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Krispy Kreme's History

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Throughout Krispy Kreme's history, the overriding engine for organization and growth has been franchising. Through its franchises, the company has managed to expand across the U.S. in a controlled manner while maintaining the entrepreneurial spirit of a small business. Krispy Kreme franchisees are entrepreneurs in their own right: people who want to run their own business and have a real shot at financial success beyond what they might achieve behind a desk as part of a large corporation. These business owners are willing to take risks to achieve their goals and are optimistic about their chances for success. Eric Sigurdson, president of Sweet Traditions, one of the largest franchisees of Krispy Kreme stores, who currently has the exclusive rights to own and operate Krispy Kreme stores in Illinois and Missouri, left a lucrative job at a large company to start his franchise business. He expects his company's annual revenues to top $100 million in the next couple of years.

Franchisees played a crucial role in one of Krispy Kreme's most important transformations. In 1976, food giant Beatrice Foods Co. acquired Krispy Kreme to its own corporate culture and strategy, including product offerings - such as deli sandwiches - in Krispy Kreme shops. But in 1982, a group fo Krispy Kreme franchisees led by Joseph A. McAleer, Sr., bought back the company from Beatrice. Krispy Kreme was an independent company up until it had its initial public offering on the NASDAQ in April 2000 but has continued to focus on its signature product - great doughnuts. Krispy Kreme has been able to expand through franchises because franchisees share many of the costs in exchange for support from the franchisor. Franchisees pay an average fee of $40,000 per store, in addition to 4.5 percent of revenues per year. That's pennies compared with the $1 million required to build the store and purchase doughnut-making equipment and mix from Krispy Kreme. A potential franchisee must demonstrate a minimum net worth of 5 million, and Krispy Kreme does not offer financing to franchisees. But Krispy Kreme franchisees can expect huge returns - typically , a 100 percent return on investment within the first year of business, compared with an average 25 percent for most good restaurants.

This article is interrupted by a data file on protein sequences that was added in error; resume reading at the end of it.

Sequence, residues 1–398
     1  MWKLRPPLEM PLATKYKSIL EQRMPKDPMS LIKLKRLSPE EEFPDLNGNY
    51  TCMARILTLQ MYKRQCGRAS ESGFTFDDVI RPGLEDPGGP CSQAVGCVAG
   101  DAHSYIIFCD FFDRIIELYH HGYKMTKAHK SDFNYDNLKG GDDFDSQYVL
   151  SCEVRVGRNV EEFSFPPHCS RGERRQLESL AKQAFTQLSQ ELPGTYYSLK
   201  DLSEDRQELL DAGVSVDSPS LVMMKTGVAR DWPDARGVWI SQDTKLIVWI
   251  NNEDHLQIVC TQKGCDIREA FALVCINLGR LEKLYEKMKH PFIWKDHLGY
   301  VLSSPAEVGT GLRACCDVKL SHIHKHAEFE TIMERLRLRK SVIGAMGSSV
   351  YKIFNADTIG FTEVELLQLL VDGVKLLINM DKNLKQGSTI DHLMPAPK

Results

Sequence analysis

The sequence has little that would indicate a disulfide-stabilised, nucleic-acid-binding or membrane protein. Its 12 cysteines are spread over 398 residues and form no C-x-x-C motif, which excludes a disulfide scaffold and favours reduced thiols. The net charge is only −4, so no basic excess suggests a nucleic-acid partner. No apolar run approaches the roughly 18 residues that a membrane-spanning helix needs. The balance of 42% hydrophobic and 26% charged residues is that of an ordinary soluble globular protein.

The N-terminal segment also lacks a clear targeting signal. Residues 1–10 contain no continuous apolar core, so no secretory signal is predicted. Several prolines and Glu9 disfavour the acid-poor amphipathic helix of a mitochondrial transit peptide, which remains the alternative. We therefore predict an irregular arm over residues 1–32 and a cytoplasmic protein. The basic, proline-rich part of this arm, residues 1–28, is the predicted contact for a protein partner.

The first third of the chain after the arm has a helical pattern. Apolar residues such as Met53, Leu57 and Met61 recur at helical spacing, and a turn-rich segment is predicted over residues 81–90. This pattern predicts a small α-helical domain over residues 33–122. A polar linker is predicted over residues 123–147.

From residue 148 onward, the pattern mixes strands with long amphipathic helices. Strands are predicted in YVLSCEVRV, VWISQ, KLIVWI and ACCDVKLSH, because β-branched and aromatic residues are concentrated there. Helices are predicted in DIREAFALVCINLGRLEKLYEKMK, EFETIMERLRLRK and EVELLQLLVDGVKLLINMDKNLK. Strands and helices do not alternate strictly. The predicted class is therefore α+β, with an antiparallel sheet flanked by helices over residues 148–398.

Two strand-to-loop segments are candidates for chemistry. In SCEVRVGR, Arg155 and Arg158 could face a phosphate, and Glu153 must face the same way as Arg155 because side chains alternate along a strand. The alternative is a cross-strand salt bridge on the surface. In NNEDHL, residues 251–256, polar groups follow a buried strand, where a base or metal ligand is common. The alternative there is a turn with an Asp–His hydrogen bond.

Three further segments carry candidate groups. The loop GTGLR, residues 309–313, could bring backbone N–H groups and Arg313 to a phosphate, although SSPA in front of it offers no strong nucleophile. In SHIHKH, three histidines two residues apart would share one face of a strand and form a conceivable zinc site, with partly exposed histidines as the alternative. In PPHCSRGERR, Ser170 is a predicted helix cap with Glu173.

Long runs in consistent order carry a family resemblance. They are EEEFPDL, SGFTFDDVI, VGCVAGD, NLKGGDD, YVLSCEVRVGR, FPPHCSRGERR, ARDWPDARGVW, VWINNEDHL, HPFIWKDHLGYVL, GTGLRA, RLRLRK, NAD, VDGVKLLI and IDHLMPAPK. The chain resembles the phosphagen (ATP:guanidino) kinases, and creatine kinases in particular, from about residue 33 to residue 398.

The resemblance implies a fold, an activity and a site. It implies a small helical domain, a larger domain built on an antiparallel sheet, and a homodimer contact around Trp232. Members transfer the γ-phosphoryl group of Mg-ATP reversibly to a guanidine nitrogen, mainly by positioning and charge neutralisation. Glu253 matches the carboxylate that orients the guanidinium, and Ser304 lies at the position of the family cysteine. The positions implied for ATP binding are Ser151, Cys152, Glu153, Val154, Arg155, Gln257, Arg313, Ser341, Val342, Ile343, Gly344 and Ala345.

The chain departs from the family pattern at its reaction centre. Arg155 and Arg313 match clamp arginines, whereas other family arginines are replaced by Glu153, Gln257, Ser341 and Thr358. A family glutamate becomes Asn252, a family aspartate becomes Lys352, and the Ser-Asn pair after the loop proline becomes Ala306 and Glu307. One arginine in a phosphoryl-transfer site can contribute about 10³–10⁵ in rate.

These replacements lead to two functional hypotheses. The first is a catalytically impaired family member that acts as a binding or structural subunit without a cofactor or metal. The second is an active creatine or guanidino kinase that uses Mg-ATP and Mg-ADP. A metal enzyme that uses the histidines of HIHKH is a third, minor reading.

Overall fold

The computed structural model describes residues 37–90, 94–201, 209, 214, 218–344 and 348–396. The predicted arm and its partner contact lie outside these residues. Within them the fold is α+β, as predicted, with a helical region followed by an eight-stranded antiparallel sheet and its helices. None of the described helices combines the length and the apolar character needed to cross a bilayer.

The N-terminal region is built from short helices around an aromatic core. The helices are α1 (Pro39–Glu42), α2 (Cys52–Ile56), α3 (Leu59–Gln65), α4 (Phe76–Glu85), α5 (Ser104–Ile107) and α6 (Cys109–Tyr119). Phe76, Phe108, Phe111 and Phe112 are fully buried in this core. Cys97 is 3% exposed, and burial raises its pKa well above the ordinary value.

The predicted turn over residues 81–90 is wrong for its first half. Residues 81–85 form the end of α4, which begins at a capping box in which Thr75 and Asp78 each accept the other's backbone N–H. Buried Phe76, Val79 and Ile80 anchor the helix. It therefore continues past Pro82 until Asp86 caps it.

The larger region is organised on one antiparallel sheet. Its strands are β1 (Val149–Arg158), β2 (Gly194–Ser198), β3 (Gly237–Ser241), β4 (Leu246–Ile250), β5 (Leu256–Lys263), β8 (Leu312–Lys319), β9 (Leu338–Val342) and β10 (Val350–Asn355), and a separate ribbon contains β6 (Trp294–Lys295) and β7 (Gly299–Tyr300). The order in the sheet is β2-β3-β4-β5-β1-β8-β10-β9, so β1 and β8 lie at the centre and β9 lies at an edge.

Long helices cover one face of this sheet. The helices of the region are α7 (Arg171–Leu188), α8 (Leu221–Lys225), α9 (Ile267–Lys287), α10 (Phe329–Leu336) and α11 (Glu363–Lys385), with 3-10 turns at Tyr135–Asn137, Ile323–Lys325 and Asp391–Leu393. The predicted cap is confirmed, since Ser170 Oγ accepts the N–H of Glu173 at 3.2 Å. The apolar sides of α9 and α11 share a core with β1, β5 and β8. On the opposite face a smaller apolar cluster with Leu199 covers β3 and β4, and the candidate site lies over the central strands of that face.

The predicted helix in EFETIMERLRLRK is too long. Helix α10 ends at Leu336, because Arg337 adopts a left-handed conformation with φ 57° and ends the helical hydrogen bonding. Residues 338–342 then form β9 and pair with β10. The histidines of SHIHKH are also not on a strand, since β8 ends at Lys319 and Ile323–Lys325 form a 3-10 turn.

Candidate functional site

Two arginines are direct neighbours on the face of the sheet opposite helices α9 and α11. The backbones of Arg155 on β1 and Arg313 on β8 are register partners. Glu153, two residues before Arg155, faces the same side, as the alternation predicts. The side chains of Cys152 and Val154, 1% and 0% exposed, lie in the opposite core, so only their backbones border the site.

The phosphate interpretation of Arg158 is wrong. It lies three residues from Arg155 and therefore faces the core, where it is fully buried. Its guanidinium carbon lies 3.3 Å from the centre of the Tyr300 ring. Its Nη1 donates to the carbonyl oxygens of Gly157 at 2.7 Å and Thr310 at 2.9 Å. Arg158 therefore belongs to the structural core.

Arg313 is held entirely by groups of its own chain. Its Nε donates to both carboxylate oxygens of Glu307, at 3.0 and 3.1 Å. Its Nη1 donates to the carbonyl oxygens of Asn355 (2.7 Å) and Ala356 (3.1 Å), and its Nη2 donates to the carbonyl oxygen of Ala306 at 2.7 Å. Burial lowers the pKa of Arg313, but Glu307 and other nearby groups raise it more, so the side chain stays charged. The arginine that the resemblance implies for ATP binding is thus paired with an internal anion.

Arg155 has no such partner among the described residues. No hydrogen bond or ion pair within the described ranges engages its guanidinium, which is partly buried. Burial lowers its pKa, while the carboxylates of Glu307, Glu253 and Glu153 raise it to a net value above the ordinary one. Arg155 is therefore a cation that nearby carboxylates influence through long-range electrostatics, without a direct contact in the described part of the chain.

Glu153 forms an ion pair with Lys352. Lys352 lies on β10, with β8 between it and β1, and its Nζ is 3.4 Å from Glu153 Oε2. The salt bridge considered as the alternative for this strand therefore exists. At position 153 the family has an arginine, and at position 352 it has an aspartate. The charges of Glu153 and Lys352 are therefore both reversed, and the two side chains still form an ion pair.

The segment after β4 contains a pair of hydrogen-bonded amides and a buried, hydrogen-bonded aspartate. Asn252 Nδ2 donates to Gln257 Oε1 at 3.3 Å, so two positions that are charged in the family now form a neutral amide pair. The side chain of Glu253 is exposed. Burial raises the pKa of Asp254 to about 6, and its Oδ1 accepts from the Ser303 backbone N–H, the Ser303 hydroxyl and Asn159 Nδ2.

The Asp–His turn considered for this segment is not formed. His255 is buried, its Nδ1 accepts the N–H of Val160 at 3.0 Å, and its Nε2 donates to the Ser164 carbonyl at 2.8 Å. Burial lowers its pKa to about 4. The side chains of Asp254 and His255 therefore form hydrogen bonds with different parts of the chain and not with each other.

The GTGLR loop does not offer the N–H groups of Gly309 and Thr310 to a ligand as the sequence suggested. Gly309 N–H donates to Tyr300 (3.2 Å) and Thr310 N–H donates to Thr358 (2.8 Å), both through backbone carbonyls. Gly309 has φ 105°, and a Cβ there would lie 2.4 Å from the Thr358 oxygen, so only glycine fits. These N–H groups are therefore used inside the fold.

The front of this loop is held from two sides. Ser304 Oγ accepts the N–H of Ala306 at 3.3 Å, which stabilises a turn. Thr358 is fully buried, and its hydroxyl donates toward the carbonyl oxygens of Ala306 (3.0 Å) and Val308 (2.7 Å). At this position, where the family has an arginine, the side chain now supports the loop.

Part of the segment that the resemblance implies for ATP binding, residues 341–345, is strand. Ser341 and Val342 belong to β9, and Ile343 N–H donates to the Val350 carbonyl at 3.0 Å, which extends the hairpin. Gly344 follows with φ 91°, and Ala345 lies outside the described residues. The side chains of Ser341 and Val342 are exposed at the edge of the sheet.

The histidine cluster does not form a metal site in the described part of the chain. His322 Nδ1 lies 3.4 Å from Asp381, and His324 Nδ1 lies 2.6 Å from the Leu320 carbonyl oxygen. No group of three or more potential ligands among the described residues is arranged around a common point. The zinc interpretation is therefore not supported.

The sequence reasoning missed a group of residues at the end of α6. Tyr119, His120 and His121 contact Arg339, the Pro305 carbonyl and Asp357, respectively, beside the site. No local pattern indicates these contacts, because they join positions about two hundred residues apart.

Krispy Kreme has also managed to expand its organization through acquisition. In 2001, it acquired Digital Java, a small Chicago-based coffee company. This way, Krispy Kreme could not only broaden its beverage offerings but also control their quality. Revenues from coffee and other drinks hover between 12 and 15 percent at various Krispy Kreme shops, and the company is boldly challenging Dunkin' Donuts's claim to the coffee turf. Krispy Kreme offers fewer coffee varieties - at higher prices - than Dunkin' does, but the current No. 2 doughnut maker is no longer content to ride only on its doughnut wave. "At our core, and in our heart, we're a doughnut



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